Edge of Climate Change

Climate Change May Cause Trillions in Damage to Coastal Regions

February 4th 2014

New research predicts that coastal regions may face massive increases in damages from storm surge flooding over the course of the 21st century. According to the study published in the Proceedings of the National Academy of Sciences, global average storm surge damages could increase from about $10-$40 billion per year today to up to $100,000 billion per year by the end of century, if no adaptation action is taken.

The study, led by the Berlin-based think-tank Global Climate Forum (GCF) and involving the University of Southampton, presents, for the first time, comprehensive global simulation results on future flood damages to buildings and infrastructure in coastal flood plains. Drastic increases in these damages are expected due to both rising sea levels and population and economic growth in the coastal zone. Asia and Africa may be particularly hard hit because of their rapidly growing coastal mega-cities, such as Shanghai, Manila and Lagos. Read more ..

The Way We Are

The Gender Wage Gap Myth

February 3rd 2014

Green Jobs

President Obama repeated the spurious gender wage gap statistic in his State of the Union address. “Today,” he said, “women make up about half our workforce. But they still make 77 cents for every dollar a man earns. That is wrong, and in 2014, it’s an embarrassment.”

What is wrong and embarrassing is the President of the United States reciting a massively discredited factoid. The 23-cent gender pay gap is simply the difference between the average earnings of all men and women working full-time. It does not account for differences in occupations, positions, education, job tenure, or hours worked per week. When all these relevant factors are taken into consideration, the wage gap narrows to about five cents. And no one knows if the five cents is a result of discrimination or some other subtle, hard-to-measure difference between male and female workers. In its fact-checking column on the State of the Union, the Washington Post included the president’s mention of the wage gap in its list of dubious claims. “There is clearly a wage gap, but differences in the life choices of men and women… make it difficult to make simple comparisons.” Read more ..

The Digital Edge

Do Senators Fear the Internet

February 2nd 2014

Hand on Mouse

Despite millions in potential cost savings to taxpayers, the U.S. Senate has still yet to pass a requirement that it file campaign finance reports electronically.

By Friday, presidential candidates, House candidates, political action committees and super PACs must file their fourth-quarter financial reports with the Federal Election Commission electronically.

Senate campaigns, however, must submit their reports on paper to the secretary of the Senate, where they are scanned and sent to the FEC. The agency then prints the documents, collates them and delivers them to a private contractor to type into an electronic database.

The process costs taxpayers roughly $500,000 a year, according to the Congressional Budget Office. And as a result, it can take weeks or even months for the public to know who is bankrolling senators’ campaigns.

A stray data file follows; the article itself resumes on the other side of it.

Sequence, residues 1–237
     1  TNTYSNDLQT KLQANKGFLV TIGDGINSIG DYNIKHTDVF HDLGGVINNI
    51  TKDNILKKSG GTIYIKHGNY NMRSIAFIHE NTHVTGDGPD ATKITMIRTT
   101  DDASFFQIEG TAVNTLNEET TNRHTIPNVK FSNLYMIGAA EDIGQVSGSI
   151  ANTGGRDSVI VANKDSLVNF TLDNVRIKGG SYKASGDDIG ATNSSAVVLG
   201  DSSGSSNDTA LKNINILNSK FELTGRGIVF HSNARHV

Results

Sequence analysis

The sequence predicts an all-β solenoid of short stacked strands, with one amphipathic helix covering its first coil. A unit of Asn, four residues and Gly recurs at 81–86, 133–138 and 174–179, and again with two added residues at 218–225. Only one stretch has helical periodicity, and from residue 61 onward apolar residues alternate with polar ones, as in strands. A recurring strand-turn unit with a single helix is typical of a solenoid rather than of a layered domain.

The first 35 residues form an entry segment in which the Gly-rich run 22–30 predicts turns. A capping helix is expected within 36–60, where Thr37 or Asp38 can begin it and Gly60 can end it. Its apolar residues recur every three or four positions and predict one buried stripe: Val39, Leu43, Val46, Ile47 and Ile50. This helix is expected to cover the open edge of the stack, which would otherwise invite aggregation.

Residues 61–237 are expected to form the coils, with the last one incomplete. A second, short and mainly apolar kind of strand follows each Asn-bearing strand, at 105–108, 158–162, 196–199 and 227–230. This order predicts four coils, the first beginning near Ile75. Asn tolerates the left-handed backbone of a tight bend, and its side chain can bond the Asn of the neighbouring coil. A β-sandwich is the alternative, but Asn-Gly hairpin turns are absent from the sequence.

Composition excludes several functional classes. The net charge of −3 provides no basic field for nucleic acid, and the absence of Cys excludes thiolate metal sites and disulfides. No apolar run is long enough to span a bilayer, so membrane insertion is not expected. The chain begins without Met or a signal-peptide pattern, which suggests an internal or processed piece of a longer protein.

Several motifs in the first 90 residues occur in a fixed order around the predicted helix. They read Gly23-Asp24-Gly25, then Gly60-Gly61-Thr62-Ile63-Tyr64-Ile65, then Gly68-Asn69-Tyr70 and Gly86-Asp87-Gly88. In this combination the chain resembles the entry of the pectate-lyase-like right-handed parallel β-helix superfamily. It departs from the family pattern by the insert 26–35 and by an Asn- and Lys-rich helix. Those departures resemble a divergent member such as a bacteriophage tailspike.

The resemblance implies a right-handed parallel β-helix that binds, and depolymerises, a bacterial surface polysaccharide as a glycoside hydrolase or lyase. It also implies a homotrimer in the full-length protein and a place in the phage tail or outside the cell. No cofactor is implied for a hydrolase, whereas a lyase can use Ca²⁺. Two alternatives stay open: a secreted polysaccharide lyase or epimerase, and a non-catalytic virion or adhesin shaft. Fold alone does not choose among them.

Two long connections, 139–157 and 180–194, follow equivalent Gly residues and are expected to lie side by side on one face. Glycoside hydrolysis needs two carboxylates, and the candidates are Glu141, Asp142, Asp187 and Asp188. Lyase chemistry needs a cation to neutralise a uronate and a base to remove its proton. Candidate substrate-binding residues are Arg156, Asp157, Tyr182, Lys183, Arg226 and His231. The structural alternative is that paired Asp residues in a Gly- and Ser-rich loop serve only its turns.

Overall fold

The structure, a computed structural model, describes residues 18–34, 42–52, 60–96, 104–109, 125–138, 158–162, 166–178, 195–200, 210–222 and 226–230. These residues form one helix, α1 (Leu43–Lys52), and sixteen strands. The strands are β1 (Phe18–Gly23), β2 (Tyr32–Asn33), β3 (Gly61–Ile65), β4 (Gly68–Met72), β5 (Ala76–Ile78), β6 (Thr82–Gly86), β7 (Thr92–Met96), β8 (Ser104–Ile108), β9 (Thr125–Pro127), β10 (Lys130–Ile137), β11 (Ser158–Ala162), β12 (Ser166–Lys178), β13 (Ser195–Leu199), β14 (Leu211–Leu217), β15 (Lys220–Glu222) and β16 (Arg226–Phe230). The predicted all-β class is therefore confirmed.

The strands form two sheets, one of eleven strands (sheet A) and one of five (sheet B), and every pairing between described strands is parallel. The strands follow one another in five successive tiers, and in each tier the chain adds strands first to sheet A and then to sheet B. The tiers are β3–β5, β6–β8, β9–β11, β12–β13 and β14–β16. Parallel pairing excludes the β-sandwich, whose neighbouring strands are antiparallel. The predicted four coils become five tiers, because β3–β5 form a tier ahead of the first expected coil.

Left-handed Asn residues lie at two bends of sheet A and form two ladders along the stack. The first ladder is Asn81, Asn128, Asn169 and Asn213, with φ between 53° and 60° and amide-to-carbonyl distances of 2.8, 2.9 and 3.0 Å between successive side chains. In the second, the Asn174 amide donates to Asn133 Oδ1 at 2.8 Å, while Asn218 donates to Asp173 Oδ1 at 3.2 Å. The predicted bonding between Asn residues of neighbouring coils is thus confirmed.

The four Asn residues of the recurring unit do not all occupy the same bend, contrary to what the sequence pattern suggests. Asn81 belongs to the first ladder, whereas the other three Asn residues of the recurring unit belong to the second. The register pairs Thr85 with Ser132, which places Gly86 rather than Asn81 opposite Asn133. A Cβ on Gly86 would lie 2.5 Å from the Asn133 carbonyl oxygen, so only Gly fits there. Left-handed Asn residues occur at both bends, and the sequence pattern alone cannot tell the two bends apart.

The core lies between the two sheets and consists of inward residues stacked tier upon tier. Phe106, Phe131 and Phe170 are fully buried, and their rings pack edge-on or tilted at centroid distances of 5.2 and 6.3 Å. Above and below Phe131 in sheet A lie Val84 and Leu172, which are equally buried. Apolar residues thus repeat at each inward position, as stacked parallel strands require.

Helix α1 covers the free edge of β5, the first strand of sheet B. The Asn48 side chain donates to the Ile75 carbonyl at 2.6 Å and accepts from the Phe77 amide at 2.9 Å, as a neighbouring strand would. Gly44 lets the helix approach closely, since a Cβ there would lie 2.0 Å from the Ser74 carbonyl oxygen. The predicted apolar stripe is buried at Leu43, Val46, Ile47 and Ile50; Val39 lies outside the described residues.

A requirement that senators e-file their campaign finance reports was included in the Senate version of a financial services bill that was folded into the larger budget bill passed earlier this month. However, the e-filing measure didn’t appear in the final budget.

The disappearance disappointed advocates for the practice, such as Sen. Jon Tester, D-Mont., who has championed e-filing legislation. His stand-alone bill requiring Senate e-filing has yet to receive a vote.

Nothing, however, prohibits senators from e-filing voluntarily with the FEC — in addition to filing on paper with the Senate — and an increasing number are doing so. Yet as many as 80 senators are not, including about 20 who backed a bill requiring the practice. Read more ..

The Edge of Healthcare

Clear the Air on Addiction

January 31st 2014


The biggest class action suit in Canadian legal history is under way at the Quebec Superior Court in Montreal. At stake are billions in damages and penalties sought from three tobacco companies – Imperial Tobacco Canada Ltd., Rothmans, Benson & Hedges; and JTI-Macdonald. Justice Brian Riordan is hearing cases representing almost two million victims of lung, larynx and throat cancer, and emphysema caused by smoking cigarettes.

In an unusual act, the Non-Smokers’ Rights Association has filed a complaint with the Collège des médecins du Québec against a key expert who testified last week. The complaint accuses Dominique Bourget, a forensic psychiatrist at the Royal Ottawa Mental Health Centre, of breaching the college’s ethics code by “minimizing the gravity of, if not denying the existence of, tobacco dependence.” Read more ..

Sports on Edge

Politics Are Coming Back to the Olympics

January 29th 2014

Sochi 2014 Olympic games torch

Watching the Olympic Games used to be like watching The Godfather, or Citizen Kane. You knew you were watching something spectacular, and you didn’t want the show to end. I remember anticipating the eve of the games; the complexities and rivalries between cultures, seeing the top athletes around the world give it their all, the tradition of the games, and then the ensuring political nature of them.